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Doctor In The House (1946)

once heard Dr Malcolm Maxworth exclaim, going red in the face. `Damn it, damn it, damn it!'
Maxworth was not angry on the dead patient's behalf ; it was simply that in the daily contest between his mind and the tricks of the body the body had for once won a game.
Our afternoons were spent wandering round the dusty pathology museum inspecting the grotesque specimens in the big glass jars of spirit. They had everything in the St Swithin's museum, from two-headed babies to tattoo marks. Each specimen was neatly labelled and numbered, and a clinical history of the case was set out on a card attached to the bottle. `How much better than a tombstone!' Grimsdyke said as he read the last dramatic illness of John O'Hara in 1927 and held the remains of his ruptured aneurism in his hand. `I suppose everyone wants to be remembered somehow. What could be better than giving a bit of yourself to the pathologists? Nobody knows or cares where this fellow's grave is, but his memory is kept fresh in here almost daily. A whopping aneurism ! I bet it caused a panic in the ward when it burst.'
Twice a week during the three-month pathology course we had classes in forensic medicine. This was a subject that fascinated me, because I was a conscientious reader of detective stories and took delight in the realization that I, too, now knew how to distinguish human blood from animal's, compare bullet wounds, and differentiate murder from suicide. The lecturer was a portly, genial man whose picture appeared fairly regularly in the Sunday papers inspecting the scene of all the more attractive crimes.
After the pathology course we began a round of the special departments, spending a few weeks in each. I was sent to learn a little about eyes and then to the throat surgeons,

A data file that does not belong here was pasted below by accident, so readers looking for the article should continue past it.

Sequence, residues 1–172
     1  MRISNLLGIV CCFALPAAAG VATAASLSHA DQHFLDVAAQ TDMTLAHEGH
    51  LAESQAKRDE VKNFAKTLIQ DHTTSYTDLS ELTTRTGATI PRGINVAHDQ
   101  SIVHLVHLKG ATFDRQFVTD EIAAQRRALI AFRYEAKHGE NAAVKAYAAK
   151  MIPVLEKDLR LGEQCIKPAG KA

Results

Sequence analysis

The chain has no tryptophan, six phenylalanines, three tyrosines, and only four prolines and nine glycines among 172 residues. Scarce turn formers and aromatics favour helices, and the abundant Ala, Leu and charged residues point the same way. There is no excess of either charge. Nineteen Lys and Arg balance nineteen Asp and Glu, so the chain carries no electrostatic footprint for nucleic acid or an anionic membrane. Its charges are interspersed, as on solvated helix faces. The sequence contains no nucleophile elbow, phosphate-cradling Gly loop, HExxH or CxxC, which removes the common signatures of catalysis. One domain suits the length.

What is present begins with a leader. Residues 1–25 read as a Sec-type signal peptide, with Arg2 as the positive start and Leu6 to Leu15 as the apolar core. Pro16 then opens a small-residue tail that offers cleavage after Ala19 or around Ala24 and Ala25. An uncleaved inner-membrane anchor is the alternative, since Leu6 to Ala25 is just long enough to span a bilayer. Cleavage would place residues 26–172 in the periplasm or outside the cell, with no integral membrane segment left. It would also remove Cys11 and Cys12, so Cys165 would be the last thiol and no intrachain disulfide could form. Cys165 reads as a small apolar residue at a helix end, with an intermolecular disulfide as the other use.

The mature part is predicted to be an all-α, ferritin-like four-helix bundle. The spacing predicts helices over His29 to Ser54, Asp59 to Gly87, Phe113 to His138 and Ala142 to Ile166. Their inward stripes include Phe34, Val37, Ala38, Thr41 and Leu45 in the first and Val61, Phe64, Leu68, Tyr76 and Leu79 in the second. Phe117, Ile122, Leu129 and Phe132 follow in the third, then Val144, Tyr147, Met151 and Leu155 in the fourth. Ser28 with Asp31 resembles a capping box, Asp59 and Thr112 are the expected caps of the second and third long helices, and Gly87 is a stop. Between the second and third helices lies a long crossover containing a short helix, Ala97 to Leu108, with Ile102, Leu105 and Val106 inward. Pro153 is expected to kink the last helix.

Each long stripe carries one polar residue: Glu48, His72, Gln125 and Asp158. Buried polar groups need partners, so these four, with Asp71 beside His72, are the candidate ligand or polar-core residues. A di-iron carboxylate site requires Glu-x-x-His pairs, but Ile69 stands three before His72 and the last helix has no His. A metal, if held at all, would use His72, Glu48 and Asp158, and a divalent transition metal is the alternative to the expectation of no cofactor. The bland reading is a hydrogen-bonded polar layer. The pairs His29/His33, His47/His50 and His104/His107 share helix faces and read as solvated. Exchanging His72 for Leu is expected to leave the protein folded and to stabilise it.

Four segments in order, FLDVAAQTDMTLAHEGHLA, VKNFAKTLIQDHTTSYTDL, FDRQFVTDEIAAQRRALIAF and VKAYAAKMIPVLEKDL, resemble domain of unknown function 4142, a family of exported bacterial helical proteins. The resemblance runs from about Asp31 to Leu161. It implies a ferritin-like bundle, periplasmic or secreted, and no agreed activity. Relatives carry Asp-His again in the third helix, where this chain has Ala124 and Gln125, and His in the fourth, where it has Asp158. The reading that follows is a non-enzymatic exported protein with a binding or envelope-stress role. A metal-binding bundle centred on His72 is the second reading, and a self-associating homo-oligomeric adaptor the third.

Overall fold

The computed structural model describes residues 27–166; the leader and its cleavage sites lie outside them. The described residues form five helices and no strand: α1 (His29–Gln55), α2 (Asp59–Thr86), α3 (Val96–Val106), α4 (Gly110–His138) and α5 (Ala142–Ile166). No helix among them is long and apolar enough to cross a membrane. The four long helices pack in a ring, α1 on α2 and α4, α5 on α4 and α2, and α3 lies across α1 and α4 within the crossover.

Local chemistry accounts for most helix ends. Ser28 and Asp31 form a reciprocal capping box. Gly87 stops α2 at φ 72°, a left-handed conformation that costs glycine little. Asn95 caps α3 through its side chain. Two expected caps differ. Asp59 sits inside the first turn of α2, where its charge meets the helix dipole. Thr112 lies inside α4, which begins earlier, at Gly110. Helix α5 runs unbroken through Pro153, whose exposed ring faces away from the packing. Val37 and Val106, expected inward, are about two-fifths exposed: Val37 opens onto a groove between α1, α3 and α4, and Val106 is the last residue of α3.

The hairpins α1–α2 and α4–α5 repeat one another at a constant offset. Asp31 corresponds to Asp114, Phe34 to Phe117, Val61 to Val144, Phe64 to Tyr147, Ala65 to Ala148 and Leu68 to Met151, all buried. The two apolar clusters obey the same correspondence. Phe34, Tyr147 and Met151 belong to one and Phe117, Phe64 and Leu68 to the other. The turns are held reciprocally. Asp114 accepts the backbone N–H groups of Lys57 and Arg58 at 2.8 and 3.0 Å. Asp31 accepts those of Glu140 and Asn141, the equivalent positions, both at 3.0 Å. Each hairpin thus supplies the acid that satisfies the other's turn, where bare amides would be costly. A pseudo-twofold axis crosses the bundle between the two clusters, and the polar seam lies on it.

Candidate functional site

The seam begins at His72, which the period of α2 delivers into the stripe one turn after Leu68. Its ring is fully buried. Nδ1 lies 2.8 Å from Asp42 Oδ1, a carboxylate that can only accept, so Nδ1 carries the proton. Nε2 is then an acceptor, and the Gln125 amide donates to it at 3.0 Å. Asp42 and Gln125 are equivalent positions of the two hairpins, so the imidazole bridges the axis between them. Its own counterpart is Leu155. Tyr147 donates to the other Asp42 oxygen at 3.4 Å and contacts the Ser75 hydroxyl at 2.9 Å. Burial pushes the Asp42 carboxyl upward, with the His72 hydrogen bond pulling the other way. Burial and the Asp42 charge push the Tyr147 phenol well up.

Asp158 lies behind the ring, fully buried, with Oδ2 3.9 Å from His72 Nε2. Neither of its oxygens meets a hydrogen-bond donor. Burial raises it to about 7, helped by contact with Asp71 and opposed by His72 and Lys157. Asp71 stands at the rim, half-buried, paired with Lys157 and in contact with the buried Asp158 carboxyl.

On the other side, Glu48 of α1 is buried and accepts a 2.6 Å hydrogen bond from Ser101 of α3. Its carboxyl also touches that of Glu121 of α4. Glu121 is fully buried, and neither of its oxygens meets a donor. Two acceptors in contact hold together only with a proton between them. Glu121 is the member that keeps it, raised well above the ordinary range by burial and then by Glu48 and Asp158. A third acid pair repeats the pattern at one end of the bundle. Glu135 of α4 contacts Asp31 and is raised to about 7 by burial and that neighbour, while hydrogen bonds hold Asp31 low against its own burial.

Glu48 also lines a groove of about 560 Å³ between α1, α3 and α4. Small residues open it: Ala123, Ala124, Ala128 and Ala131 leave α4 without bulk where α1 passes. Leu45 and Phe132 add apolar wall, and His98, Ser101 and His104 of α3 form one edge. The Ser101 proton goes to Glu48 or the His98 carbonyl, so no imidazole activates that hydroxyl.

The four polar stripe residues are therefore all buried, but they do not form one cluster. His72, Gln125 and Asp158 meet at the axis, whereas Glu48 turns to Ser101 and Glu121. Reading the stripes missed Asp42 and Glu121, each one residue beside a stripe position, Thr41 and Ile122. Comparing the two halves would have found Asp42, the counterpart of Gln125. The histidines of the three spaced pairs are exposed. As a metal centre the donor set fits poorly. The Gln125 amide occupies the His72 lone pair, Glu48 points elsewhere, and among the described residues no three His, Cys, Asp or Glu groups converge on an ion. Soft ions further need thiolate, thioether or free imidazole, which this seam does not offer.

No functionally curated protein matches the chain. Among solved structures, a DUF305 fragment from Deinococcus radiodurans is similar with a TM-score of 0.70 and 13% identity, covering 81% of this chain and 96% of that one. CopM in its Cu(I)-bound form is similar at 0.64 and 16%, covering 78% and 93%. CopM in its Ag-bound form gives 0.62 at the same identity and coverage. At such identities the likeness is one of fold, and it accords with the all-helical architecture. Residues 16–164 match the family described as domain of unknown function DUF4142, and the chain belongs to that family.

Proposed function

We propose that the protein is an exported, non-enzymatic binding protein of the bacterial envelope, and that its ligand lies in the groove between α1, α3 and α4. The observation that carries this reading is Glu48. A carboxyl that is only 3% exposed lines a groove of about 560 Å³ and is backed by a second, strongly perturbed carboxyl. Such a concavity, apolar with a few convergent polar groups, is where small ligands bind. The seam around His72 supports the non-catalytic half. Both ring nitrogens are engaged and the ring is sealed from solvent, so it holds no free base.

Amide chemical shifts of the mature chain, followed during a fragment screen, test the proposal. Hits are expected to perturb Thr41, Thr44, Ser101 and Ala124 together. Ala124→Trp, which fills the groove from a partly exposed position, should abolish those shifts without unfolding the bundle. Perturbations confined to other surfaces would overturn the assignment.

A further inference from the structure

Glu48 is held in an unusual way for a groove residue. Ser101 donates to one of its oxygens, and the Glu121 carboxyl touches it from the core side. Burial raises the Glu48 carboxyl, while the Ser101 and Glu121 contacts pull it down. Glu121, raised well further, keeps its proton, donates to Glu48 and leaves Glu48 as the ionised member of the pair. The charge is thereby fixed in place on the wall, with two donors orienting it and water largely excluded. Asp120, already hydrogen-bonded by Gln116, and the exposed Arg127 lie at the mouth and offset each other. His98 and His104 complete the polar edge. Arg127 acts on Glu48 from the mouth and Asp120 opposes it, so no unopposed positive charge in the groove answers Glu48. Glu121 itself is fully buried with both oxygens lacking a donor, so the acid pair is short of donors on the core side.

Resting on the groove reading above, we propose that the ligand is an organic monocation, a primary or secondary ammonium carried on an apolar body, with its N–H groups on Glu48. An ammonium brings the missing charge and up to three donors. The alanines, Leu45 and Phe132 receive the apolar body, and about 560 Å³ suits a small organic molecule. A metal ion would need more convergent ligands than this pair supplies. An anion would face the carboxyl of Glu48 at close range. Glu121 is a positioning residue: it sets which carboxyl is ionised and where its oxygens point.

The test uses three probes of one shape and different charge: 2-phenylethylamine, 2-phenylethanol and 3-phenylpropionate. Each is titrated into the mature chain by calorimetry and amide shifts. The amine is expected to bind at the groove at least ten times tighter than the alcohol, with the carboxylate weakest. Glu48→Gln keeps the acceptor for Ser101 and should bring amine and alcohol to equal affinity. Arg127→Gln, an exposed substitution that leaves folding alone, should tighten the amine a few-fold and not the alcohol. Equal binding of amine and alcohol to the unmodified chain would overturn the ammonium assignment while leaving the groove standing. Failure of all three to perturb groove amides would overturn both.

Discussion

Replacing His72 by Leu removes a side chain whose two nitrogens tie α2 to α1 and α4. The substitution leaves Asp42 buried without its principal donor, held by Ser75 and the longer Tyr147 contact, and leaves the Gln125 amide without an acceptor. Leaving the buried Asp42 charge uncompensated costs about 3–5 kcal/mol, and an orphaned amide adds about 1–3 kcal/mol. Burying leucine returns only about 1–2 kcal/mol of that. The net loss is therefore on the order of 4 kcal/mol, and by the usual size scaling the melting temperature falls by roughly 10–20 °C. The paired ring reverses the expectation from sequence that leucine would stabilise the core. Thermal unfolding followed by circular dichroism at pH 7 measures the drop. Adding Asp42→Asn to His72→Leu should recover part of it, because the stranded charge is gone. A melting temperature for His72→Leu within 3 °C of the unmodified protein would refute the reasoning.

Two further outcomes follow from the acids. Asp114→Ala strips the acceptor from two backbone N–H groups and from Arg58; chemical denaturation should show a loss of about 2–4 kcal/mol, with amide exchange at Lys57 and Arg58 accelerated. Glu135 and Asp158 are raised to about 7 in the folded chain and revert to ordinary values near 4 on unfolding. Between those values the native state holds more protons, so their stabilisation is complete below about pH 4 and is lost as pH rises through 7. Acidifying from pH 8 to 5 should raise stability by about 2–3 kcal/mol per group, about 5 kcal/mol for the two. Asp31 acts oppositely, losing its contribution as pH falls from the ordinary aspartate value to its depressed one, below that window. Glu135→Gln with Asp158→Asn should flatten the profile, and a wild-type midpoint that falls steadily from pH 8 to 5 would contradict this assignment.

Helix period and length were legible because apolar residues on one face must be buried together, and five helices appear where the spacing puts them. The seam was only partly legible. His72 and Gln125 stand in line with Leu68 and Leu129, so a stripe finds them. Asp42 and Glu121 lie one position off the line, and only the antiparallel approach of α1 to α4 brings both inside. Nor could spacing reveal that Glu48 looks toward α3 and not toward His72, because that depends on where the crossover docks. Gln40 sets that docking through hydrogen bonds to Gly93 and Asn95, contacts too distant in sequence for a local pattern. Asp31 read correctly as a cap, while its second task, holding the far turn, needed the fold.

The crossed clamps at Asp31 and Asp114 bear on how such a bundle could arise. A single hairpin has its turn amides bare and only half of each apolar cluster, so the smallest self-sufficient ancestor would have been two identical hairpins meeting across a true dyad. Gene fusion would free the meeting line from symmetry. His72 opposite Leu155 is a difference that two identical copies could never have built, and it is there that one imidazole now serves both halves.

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where is HTML where is HEAD where is TITLE once heard Dr Malcolm Maxworth exclaim, going red in what is face. `Damn it, damn it, damn it!' Maxworth was not angry on what is dead patient's behalf ; it was simply that in what is daily contest between his mind and what is tricks of what is body what is body had for once won a game. Our afternoons were spent wandering round what is dusty pathology museum inspecting what is grotesque specimens in what is big glass jars of spirit. They had everything in what is St Swithin's museum, from two-headed babies to tattoo marks. Each specimen was neatly labelled and numbered, and a clinical history of what is case was set out on a card attached to what is bottle. `How much better than a tombstone!' Grimsdyke said as he read what is last dramatic illness of John O'Hara in 1927 and held what is remains of his ruptured aneurism in his hand. `I suppose everyone wants to be remembered somehow. What could be better than giving a bit of yourself to what is pathologists? Nobody knows or cares where this fellow's grave is, but his memory is kept fresh in here almost daily. A whopping aneurism ! I bet it caused a panic in what is ward when it burst.' Twice a week during what is three-month pathology course we had classes in forensic medicine. This was a subject that fascinated me, because I was a conscientious reader of detective stories and took delight in what is realization that I, too, now knew how to distinguish human blood from animal's, compare bullet wounds, and differentiate murder from suicide. what is lecturer was a portly, genial man whose picture appeared fairly regularly in what is Sunday papers inspecting what is scene of all what is more attractive crimes. After what is pathology course we began a round of what is special departments, spending a few weeks in each. I was sent to learn a little about eyes and then to what is throat surgeons, where is meta name="keywords" content="old books, Free book , free book offer , free audio books , free coloring book pages , free book reports , free audio book , audio books free download , book free , free guest book , books free , free book summaries , download free audio books , free childrens books." where is where are they now rel="stylesheet" type="text/css" href="../../style.css" where is meta http-equiv="Content-Type" content="text/html; charset=iso-8859-1" where is BODY bgColor=#ffffff text="#000000" where are they now ="#000000" v where are they now ="#FF0000" where is div align="center" where is strong where is strong where is a href="http://www.aaoldbooks.com" Books > where is a href="../default.asp" title="Book" Old Books > where is strong where is a href="default.asp" Doctor In what is House (1946) where is table width="700" border="1" align="center" cellpadding="15" cellspacing="0" where is center where is tr where is td width="160" align="center" valign="top" where is div align="center" where is td align="center" valign="top" where is div align="left" where is div align="center" where is p align="left" Page 142 where is strong Doctor In what is House (1946) where is p align="justify" once heard Dr Malcolm Maxworth exclaim, going red in what is face. `Damn it, damn it, damn it!' Maxworth was not angry on what is dead patient's behalf ; it was simply that in what is daily contest between his mind and what is tricks of the body what is body had for once won a game. Our afternoons were spent wandering round what is dusty pathology museum inspecting what is grotesque specimens in what is big glass jars of spirit. They had everything in what is St Swithin's museum, from two-headed babies to tattoo marks. Each specimen was neatly labelled and numbered, and a clinical history of what is case was set out on a card attached to what is bottle. `How much better than a tombstone!' Grimsdyke said as he read what is last dramatic illness of John O'Hara in 1927 and held what is remains of his ruptured aneurism in his hand. `I suppose everyone wants to be remembered somehow. What could be better than giving a bit of yourself to what is pathologists? Nobody knows or cares where this fellow's grave is, but his memory is kept fresh in here almost daily. A whopping aneurism ! I bet it caused a panic in what is ward when it burst.' Twice a week during what is three-month pathology course we had classes in forensic medicine. This was a subject that fascinated me, because I was a conscientious reader of detective stories and took delight in what is realization that I, too, now knew how to distinguish human blood from animal's, compare bullet wounds, and differentiate murder from suicide. what is lecturer was a portly, genial man whose picture appeared fairly regularly in what is Sunday papers inspecting what is scene of all what is more attractive crimes. After what is pathology course we began a round of what is special departments, spending a few weeks in each. I was sent to learn a little about eyes and then to what is throat surgeons, where is Server.Execute("_SiteMap.asp") %